Archive | December, 2019

Bagatelle

23 Dec

As little a boy I used to play the board game known as Bagatelle in my great uncle Jan’s huge house in Haarlem. All the time the adults would argue about noblesse oblige, the Second World War and prisoner of war camps – in Dutch.

Bagatelle – the antidote to tedious nostalgia.

The thrill when the marble actually lands in a scoring hole, instead of tinkling down the pins to oblivion!

Reminds me of W.H. Auden’s aphorism:

‘Death is the sound of distant thunder at a picnic.’

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Looks like a tombstone too.

Earlier this year, I was asked to design a memorial. The Widow had not been able to find a suitable artisan to honour her husband’s memory.

She described her husband to me as an adventurer, a cyclist and a gentleman and she wanted the memorial carved in wood.

He seemed to have the qualities of my father, David Littlewood.

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Cyclist, gentleman and Adventurer.

The regulations governing the installation of memorial headstones in graveyards are strict in South Yorkshire. 

Wood is not good, unless one plants a living tree.

I declined the commission, but in memory of my father’s generous spirit, I gave her the drawing to use as she saw fit.

Eventually she told me she had found a talented young mason who was able to carve it for her in stone and add his own texture to the motif.

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What, I hear you ask, is the link between an ancient board game for one bored boy and Death?

Life of course, and I celebrate it!

The word Bagatelle derives from the Italian word ‘bagatella’ coined in the 1630s for a trifle, a thing of no importance – a knick-knack, a bauble, or a trinket.

David met his second wife, Mollie, in the Club Bagatelle a famous nightclub in Lagos, Nigeria.

David and Molly - Polly and Alan wedding

Mr and Mrs Littlewood produced three children together; Anna (veterinary surgeon), Nathan (geologist) and Simon (carpenter).

I met them in ’69 when I was still living in Matlock in the house my dad bought when he married my mother, David’s first wife.

Although I was young, it was kind of obvious to me that my Dad was besotted with Mollie and very happy.

This made me happy, and that is no trifling thing.

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Elise, by the artist Diana Storey, makes me happy. She is a Bagatelle. You can see her galloping around a small exhibition of wood and mosaic art called Birdsong in Winter (extended by Yorkshire Artspace until January 18th, 2020) as a paean to trifles thrown in the face of Darkness.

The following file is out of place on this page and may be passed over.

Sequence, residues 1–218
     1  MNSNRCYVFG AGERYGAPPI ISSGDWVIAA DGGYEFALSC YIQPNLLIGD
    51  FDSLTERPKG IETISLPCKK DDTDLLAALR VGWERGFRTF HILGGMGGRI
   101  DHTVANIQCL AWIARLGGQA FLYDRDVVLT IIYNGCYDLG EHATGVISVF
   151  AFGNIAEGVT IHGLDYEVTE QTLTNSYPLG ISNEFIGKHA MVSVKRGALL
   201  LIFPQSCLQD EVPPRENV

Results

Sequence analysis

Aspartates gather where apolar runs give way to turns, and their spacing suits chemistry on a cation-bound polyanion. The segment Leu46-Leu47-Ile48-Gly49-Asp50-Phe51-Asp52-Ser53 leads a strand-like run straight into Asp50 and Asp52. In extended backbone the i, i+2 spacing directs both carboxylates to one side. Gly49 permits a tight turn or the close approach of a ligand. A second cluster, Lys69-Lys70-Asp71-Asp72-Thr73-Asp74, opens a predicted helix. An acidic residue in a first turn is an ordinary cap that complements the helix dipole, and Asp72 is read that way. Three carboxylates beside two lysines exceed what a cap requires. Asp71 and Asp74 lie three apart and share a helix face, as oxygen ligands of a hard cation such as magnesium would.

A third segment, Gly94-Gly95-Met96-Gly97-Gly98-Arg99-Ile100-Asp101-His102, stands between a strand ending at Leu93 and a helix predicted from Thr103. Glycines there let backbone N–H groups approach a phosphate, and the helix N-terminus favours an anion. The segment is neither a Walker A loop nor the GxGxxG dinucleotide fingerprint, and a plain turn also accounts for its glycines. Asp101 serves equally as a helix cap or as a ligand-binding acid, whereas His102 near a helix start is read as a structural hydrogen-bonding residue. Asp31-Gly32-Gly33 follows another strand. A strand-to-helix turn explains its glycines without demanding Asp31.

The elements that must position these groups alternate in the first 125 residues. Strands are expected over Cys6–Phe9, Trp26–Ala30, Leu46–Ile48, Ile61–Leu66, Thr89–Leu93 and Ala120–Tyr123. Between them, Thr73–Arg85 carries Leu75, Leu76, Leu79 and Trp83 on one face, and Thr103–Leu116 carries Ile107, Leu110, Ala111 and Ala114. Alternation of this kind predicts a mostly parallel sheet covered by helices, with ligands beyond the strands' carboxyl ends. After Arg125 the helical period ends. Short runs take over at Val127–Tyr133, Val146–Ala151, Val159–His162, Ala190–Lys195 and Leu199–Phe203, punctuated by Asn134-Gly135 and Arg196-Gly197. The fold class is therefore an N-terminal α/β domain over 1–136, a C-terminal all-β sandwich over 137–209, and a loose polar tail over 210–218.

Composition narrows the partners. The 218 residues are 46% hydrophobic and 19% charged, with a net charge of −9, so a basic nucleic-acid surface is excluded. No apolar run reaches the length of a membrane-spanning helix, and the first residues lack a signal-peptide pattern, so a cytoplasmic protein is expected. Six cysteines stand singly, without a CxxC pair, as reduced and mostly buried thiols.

At night a terrifying Night Mare, carrying the innocent away from Darkness into The Light. By day a sweet carousel pony.

In the mid 1950’s young David took his City and Guilds 1st Class in carpentry and joinery and sailed from Liverpool to Nigeria to help her people regain Independence from British Rule. He brought practical building skills.

His adventure led to my birth in Kano, and more siblings than I can shake a stick at, a generous step mum and the happiest of memories.

That is pretty First Class in my book.

 “Proper job lad.”

For the women folk x

HL 24.12.2019

 

Boundary

6 Dec

Peter Maarten Hendrik Littlewood – that’s me, born 22.7.58 in Kano in the north of Northern Nigeria south of the Sahara Desert, which technically makes me Hausa. But, I grew up in the heart of Derbyshire, by the river Derwent.

It’s a long way from there to here.

Yesterday I bought a ham sandwich from Eugene on the train travelling up to London to visit my grandson, Joseph.

A mere 2 1/2 hour train ride.

Eugene, it turned out, was from Sierra Leone and was surprised when I told him I had lived as a boy on the hill above Freetown, watching the timber trucks hurtle down the hill.

Freetown was the main departure point for slaves traded in West Africa.

I learned to use a hammer here, and never to judge a book by its cover.

The old map of The Peak District shows natural and man-made boundaries – if you are adventurous, you can breach them.

However, have to know how and more importantly…..when. It’s the same with the boundaries within people, particularly children.

In 2019 Saint Nicholas brought grandson, Joseph some gifts and stuck them in his blue wellies.

His favourite was a book from Clare, his Nain, all about trucks. Press the button to match the truck noise. Perfect!

His mum and dad are are protective of Joseph’s boundaries.

They need to be.